Caleb Williams was supposed to do for Oklahoma in 2021 what Bryce Young did for Alabama in 2020: hold a clipboard, take garbage-time snaps, impress coaches and teammates on the scout team and bide his time until the moment inevitably came when he’d take control of the offense.
In the latest twist in an unpredictable rivalry, the Sooners’ 55-48 win against Texas in the Red River Showdown was keyed by the true freshman, who threw for 212 yards and ran for another 88 with three touchdowns after replacing an ineffective Spencer Rattler.
The play of these two passers — with Williams on the rise and Rattler cratering under huge expectations — will leave coach Lincoln Riley facing the first true quarterback dilemma of a tenure defined by his ability to turn any option at his disposal into a Heisman Trophy contender.
Will it be Williams, who has done nothing but impress since arriving on campus earlier this year? Or will it be Rattler, who was pegged as the nation’s best quarterback in August but hasn’t come close to meeting the hype?
Behind an improved defense and a manageable regular-season schedule, it’s this question that will determine whether Oklahoma can return to the College Football Playoff and then advance against one of the top teams from the SEC.
In part, Rattler’s reputation was built on the idea that every OU quarterback who came under Riley’s direction had either won the Heisman, like Baker Mayfield and Kyler Murray, or come close, like Jalen Hurts.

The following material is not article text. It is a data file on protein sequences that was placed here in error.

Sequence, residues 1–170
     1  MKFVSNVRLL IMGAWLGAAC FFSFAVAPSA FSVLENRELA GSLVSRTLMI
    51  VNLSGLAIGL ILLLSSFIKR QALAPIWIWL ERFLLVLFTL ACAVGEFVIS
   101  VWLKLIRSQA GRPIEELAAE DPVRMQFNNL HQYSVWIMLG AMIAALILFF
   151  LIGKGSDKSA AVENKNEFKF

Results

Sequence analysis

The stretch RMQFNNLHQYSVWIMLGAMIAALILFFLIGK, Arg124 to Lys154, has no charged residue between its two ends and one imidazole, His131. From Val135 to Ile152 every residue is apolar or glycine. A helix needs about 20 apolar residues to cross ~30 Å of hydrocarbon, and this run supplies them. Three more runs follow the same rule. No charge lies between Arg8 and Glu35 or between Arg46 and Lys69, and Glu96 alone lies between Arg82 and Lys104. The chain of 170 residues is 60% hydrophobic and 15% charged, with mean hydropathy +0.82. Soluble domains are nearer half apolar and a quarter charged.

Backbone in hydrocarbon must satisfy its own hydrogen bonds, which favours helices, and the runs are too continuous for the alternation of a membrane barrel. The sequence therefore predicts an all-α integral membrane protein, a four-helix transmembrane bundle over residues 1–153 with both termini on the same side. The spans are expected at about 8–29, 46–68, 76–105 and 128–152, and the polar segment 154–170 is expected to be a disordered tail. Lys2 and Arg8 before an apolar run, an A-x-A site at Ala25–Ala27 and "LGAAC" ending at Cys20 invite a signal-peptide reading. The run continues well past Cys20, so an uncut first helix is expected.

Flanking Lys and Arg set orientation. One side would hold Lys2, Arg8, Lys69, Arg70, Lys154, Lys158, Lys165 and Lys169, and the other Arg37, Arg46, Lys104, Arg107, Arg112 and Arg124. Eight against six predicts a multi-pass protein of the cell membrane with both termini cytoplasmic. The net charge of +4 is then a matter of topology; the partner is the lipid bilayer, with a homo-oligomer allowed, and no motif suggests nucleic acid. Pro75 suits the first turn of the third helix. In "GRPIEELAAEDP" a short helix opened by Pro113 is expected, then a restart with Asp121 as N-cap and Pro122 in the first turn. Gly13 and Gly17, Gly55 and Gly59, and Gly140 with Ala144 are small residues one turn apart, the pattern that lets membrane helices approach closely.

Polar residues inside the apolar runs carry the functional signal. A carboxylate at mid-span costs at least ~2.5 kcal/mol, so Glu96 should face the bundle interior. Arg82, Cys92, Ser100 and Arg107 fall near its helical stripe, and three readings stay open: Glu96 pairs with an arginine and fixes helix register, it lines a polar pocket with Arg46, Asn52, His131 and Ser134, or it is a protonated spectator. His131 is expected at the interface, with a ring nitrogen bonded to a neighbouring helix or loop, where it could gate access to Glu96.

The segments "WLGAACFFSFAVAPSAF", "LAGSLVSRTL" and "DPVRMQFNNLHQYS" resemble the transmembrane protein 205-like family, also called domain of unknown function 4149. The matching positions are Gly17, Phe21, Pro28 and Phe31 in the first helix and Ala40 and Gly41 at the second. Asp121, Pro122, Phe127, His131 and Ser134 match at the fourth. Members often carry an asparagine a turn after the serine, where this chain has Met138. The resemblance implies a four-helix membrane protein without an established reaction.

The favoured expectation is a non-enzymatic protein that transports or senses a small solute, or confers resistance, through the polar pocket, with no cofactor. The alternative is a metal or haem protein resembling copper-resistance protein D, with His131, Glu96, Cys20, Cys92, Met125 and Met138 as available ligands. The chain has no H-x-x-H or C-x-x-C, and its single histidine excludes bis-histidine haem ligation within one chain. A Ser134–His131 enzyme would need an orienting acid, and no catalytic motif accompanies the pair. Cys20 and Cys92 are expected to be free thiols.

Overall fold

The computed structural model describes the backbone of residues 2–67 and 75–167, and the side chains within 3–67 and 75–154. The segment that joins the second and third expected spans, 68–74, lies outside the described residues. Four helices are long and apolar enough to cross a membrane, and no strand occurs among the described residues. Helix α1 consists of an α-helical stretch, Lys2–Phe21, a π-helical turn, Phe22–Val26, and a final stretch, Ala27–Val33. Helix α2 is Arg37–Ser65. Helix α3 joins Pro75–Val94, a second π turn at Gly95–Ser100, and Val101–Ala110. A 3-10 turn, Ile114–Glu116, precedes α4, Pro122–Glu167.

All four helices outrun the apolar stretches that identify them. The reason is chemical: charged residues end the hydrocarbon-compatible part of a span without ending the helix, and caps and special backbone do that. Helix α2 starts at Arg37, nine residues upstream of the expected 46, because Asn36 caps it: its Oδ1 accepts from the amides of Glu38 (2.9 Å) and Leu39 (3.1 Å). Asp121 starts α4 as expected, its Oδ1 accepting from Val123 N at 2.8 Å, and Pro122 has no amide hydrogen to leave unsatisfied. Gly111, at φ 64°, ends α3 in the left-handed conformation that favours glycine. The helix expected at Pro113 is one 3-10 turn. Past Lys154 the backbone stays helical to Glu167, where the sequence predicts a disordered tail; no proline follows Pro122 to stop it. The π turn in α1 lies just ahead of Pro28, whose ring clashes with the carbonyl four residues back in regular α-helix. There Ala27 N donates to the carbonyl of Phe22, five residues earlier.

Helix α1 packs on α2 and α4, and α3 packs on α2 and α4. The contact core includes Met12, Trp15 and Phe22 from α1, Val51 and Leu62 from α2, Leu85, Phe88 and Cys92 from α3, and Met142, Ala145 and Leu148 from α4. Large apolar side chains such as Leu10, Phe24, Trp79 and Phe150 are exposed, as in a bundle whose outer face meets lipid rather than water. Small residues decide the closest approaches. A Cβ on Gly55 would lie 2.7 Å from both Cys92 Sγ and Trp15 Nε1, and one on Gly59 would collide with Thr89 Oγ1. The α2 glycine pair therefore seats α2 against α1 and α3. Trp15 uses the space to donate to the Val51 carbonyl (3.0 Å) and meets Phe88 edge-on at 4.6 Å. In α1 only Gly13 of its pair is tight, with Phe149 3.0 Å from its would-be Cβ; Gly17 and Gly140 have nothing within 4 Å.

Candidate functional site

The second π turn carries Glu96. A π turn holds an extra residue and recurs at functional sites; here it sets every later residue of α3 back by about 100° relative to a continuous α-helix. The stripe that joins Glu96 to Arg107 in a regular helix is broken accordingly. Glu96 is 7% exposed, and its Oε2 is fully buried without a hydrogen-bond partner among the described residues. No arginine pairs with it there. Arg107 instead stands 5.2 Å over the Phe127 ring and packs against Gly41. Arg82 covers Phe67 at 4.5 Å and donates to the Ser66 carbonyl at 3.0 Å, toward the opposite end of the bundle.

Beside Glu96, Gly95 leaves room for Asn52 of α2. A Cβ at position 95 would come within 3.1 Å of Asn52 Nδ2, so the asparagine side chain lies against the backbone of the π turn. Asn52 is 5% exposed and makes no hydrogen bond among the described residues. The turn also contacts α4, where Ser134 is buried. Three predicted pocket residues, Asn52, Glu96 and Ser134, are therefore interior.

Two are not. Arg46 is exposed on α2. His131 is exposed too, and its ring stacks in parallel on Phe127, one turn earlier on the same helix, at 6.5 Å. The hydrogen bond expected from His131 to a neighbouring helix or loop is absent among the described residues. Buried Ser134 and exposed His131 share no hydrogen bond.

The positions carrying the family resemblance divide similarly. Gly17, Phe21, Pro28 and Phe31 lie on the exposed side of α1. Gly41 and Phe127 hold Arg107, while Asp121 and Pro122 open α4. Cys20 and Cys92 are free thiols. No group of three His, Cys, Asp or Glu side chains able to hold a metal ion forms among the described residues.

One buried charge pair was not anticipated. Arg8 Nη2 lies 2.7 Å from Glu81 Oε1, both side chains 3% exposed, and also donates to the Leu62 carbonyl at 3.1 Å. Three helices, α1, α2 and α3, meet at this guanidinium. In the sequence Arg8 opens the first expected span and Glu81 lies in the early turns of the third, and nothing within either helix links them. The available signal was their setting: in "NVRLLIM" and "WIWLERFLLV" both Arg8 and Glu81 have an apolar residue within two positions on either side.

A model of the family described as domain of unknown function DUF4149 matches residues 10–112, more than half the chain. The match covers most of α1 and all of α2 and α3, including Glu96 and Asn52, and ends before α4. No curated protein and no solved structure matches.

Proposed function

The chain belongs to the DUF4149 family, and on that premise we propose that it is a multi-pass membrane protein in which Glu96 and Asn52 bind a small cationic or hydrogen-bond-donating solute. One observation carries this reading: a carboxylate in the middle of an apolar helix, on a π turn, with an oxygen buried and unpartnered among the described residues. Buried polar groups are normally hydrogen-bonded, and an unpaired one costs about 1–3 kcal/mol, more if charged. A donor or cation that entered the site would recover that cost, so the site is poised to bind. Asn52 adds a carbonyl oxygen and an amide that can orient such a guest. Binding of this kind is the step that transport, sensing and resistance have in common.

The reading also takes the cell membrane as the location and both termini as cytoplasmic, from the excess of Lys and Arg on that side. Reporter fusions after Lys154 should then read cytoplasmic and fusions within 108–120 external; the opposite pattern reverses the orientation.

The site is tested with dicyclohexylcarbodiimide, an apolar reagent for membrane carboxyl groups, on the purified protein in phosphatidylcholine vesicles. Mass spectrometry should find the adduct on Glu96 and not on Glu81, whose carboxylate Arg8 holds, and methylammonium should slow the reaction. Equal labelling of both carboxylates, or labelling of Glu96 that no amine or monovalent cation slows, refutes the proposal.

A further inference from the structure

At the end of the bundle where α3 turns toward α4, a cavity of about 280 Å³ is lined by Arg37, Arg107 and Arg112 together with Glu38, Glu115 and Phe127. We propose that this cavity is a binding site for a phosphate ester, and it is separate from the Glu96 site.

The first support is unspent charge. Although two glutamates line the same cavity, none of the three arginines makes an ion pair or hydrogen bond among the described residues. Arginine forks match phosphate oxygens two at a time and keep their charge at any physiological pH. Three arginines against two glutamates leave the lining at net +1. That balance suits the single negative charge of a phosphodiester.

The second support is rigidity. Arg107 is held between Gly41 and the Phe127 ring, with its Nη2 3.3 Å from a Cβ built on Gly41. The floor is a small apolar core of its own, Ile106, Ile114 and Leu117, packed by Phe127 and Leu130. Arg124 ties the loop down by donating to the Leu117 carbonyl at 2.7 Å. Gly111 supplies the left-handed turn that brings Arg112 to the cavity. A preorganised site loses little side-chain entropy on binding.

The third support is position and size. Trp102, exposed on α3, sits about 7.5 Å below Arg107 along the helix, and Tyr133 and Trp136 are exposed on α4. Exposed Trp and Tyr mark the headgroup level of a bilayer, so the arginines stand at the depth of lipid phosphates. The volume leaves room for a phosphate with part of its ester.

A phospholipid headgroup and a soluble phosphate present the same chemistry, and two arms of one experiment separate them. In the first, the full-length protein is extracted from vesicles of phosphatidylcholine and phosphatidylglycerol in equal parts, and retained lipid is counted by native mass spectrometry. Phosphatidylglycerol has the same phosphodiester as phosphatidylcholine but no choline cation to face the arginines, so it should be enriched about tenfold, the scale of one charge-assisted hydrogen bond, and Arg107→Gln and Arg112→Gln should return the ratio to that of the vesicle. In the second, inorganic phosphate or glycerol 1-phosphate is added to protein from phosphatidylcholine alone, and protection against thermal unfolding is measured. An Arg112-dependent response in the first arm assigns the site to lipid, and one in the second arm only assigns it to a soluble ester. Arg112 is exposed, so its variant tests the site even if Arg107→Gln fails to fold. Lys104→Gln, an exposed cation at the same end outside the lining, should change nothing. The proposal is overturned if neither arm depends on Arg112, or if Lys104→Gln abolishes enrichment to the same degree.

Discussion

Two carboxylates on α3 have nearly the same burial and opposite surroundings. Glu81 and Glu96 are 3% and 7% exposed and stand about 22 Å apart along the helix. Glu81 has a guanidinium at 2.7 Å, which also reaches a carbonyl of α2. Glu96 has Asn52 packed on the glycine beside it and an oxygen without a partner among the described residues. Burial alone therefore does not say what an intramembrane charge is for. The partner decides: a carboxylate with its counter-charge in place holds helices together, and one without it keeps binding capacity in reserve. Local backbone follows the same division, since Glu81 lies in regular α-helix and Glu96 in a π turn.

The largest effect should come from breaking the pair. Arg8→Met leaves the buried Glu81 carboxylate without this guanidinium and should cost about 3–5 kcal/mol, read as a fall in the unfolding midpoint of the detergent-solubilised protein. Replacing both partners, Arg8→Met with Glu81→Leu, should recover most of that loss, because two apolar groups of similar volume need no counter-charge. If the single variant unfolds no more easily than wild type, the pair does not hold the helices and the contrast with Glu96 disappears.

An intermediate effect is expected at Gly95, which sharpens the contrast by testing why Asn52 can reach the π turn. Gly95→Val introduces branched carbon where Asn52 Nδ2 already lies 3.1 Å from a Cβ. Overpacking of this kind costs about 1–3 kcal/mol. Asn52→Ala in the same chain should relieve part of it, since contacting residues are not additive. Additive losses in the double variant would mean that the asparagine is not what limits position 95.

But the performance hasn’t been there in his second year as the starter, making Rattler the face of the Sooners’ first half of the regular season: good, even better than most, but not good enough.
Fresh off the spark he provided Saturday, there may be no better time for Riley to turn the offense over to the true freshman. OU is about to enter the soft middle of its schedule: next comes TCU, Kansas, Texas Tech and Baylor before ending the regular season against Iowa State, Oklahoma State and, presumably, in the Big 12 championship.
The question is which quarterback gives OU the best chance at completing a perfect season, especially given the largely solid play of a defense that was burned early by Texas but held the Longhorns out of the end zone from the midpoint of the second quarter until one minute left in the fourth.
The argument for Rattler is his relative experience and the idea that the same quarterback once picked as a top Heisman contender can rediscover his form. For Williams, it’s about the promise and potential he brings to an underachieving offense.
For the first time in a largely spotless tenure, Riley will have to make a decision that will ripple through the Football Bowl Subdivision. The right choice could lock the Sooners into the playoff, with the potential for more.
Follow colleges reporter Paul Myerberg on Twitter @PaulMyerberg